Renault's Nico Hulkenberg says that he's not surprised by rumours swirling around the paddock that this year could be his last chance to prove himself worthy of keeping his seat in Formula 1.
The 31-year-old German driver has taken part in 166 Grand Prix races since making his debut in Bahrain in 2010 with Williams. But in the nine and a half seasons since then, he's not yet been able to finish on the podium.
"You need to be in the right place at the right moment with the right car and team," he told the official Formula1.com website. "Unfortunately that timing for me in my career has never been perfect. I've never been in that sweet spot.
“Of course, I would have liked to have race victories to my name, championships etc. but obviously we know how it works in Formula 1."
So far in 2019 he's been in the top ten on four occasions, with a best result of seventh place in Melbourne and in Montreal as he contends with a new team mate in the form of Daniel Ricciardo.
With Ricciardo looking to have the slight upper hand at Renault, there have been mutterings about whether Hulkenberg's time in F1 might be running out.
“It’s actually the first time I’ve heard this,” he replied when asked about the speculation. “But I'm not surprised.
"We are a very performance-orientated sport and business, and that's normal. If you don't perform, you're quicker out the door than you know," he added. "So I'm not worried or surprised at all.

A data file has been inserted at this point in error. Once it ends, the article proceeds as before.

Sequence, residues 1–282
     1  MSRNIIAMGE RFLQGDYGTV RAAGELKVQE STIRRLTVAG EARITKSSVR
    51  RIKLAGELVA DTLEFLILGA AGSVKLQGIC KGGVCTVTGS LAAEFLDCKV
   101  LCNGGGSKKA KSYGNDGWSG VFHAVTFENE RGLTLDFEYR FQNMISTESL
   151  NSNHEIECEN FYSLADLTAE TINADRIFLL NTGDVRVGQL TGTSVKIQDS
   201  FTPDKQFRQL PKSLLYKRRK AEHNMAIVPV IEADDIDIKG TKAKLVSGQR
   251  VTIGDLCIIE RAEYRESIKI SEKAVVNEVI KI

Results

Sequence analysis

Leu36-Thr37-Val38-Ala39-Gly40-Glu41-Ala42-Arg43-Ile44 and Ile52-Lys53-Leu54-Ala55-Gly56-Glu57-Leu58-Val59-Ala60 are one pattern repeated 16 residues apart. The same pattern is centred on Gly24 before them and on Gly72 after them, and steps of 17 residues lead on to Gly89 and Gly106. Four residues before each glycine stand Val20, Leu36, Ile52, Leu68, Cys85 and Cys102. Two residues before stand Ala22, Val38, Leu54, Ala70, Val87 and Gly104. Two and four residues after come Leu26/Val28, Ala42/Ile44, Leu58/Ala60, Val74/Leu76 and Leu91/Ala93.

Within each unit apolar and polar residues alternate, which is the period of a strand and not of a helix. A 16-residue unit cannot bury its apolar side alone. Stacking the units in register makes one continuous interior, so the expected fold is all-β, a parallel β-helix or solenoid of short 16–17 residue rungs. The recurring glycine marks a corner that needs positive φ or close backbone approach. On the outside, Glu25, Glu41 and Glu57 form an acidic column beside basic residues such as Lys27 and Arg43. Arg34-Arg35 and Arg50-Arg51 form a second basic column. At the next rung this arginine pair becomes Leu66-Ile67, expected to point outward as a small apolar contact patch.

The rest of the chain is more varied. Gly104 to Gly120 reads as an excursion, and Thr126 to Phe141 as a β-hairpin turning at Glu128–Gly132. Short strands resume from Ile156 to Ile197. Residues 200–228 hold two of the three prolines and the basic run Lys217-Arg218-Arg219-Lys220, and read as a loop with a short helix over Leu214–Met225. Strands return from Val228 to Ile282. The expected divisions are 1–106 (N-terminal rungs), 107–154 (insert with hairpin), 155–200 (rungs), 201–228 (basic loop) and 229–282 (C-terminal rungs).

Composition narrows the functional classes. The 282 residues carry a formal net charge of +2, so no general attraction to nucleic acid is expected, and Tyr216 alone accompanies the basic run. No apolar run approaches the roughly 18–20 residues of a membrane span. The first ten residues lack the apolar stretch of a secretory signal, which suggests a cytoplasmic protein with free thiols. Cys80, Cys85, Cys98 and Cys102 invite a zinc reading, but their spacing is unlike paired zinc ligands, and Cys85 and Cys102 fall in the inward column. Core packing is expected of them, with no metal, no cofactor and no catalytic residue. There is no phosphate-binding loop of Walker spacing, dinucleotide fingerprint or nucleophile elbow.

"My own expectations to myself are very high, and of course the team's are as well. They hired me for a reason, so of course, you have to deliver as a driver."
Hulkenberg concedes that he is desperate for the team to provide him with the sort of hardware that will allow him to challenge the Big Three teams at the top of F1, but admits that it might simply not happen.
“It’s not guaranteed. Nothing is guaranteed,” he said. "For sure, a lot's been invested, a lot of work has been done.
"The facilities are pretty different now, much more up to speed, all the infrastructure back in the factories, a lot more people working as well.
"The whole team operation has grown," he continued. "I see a lot of good things that have happened during the last 24 months. I feel we have a good foundation now.
"But we need to really prove it. We need to get the job done. So I'm confident we can go a long way. How far? Only time will tell.
“All in all, I feel in a good place, in a happy place. Of course, I would have liked it to be better, but there's no big regrets, or bitter thoughts about the past."
And if Hulkenberg were to start looking around for a new home, it would most likely still be somewhere in F1, rather than a move to endurance racing despite his victory in the 2015 Le Mans 24 Hours.
“When I started my first year in 2010, for sure my aim and intention was to make a good and a long career in Formula 1," he said. "That was what I was always chasing - being a Formula 1 driver.
"I've still made, I think, a good career out of it,” he insisted. “I always feel I've done, really, the best, or often out-performed the material that I had.
"If you don't have a race-winning car, that's the best thing you can pretty much do.”